Wired [UK] (December 2015)
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orbit, wired.co.uk) Dhrupad Marwa, via Facebook “I hate hearing stories about people trying to ‘cure’ autism (Steve Silberman: Why are we still treating autism like an epidemic? 10.15). Ridding the world of it could be a very dangerous thing. Many scientists display ‘autistic-like’ traits, as do many artists and people of intellect. Also, many people may go through life with some autistic traits and never know about it. You could have it and never know.” Perri Wheeler, via Facebook MAGAZINE
of hearing to those who are hearingimpaired. It’s driven by the principle of sensory substitution, a major area of Eagleman’s research that looks at how technology could tap different sensory pathways to allow someone, in effect, to regain a lost sense. Worn PSYCHOLOGY Sex doesn’t sell, and the advertising industry knows it A study debunks all the things you think you know about ads adjusts its own circuitry to match the tasks at hand; it comes to reﬂect the environment that it drops into.
its title and,soonafterwards,movedtoLondon. But with the internet, which The Guardian embraced relatively early, the group evolved again, rapidly transformingitsoutlookintoonethatencompassed the English-speaking world. If that consists of at least 1.5 billion ILLUSTRATION: JANNE IIVONEN; THE NEIGHBORHOOD STUDIO people then The Guardian, which in June reported 129 million monthly unique visitors, is still only reaching a fraction of its potential audience. With an opportunity to reach at least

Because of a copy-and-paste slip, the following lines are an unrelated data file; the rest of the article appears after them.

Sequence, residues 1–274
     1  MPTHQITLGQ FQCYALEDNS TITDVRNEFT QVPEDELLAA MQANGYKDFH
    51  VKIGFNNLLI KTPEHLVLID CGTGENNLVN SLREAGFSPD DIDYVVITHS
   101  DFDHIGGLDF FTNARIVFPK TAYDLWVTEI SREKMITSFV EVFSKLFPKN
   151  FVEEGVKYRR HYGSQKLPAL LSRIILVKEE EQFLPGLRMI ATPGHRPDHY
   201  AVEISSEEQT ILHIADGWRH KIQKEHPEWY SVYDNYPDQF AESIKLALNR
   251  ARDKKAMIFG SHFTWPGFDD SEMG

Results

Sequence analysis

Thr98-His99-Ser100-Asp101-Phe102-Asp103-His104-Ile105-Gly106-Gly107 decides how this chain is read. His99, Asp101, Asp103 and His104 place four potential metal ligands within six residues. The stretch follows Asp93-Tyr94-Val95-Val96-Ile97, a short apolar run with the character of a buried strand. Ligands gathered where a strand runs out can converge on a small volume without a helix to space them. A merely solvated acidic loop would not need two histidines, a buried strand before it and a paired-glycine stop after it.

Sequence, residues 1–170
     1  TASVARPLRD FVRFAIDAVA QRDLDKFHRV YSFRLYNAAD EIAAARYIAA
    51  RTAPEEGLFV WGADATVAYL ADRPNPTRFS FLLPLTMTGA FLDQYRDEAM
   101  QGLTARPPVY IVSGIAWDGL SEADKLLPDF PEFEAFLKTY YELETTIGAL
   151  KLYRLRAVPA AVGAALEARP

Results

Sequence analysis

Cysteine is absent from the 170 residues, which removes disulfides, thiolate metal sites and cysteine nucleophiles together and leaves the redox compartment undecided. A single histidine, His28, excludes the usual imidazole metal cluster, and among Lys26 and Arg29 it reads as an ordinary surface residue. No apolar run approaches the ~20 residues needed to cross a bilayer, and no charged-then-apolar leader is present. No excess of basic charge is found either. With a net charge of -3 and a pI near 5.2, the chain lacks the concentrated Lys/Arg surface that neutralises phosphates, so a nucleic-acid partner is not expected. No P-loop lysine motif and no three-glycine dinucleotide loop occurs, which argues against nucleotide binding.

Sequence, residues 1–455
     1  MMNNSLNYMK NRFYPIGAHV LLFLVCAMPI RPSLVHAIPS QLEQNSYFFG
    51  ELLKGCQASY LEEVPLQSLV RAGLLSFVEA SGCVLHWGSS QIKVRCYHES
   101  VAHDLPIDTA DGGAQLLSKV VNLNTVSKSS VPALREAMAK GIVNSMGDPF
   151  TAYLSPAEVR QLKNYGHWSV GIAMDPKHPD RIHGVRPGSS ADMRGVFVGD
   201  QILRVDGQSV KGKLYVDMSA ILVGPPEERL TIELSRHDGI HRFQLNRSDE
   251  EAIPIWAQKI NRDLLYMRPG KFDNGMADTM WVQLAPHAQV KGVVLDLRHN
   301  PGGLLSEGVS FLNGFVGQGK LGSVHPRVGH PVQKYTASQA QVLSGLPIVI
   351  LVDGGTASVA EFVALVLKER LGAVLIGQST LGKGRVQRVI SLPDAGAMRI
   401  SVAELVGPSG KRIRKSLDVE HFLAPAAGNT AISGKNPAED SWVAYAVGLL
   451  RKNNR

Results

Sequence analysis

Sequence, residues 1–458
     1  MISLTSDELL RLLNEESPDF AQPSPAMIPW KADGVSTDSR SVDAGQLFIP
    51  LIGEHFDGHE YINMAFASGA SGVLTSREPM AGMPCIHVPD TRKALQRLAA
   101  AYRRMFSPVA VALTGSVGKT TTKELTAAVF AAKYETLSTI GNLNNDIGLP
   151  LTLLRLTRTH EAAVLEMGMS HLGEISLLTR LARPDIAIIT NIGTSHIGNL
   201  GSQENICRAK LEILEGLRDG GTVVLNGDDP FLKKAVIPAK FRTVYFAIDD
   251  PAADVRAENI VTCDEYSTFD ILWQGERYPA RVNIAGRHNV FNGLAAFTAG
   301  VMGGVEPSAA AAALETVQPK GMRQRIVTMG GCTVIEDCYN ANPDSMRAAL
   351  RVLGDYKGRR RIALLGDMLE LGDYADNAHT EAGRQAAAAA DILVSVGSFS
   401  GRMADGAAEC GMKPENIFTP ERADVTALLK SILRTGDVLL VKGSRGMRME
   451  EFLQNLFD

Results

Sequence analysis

Tuck School of Business academics Vijay Govindarajan and Chris Trimble, they may call innovation different things, but giants like General Electric, Deere & C o m p a n y, P ro c te r & G a m b l e and PepsiCo know exactly how to do customer development and build minimum viable products. When we talk about iconic disrupters today, we usually mean the likes of Apple, Google and Facebook. But those companies are less than 40 years old. By contrast, institutions like Barclays (325 years old), The
each work in progress to different departments – lighting,developmentoranimation–for Pixar and Disney animation president Ed Catmull in front of the colour script for Inside Out further notes and feedback. “We’re constantly watching the movie to see: is it good? If it’s not, we ﬁx it,” Mann says. “You keep tearing it down. We’ve cut alotofgreatmoments,notbecausethey weren’t great, but because they weren’t right for the ﬁlm.” The process requires a strong mindset, and can be fraught. “It takes a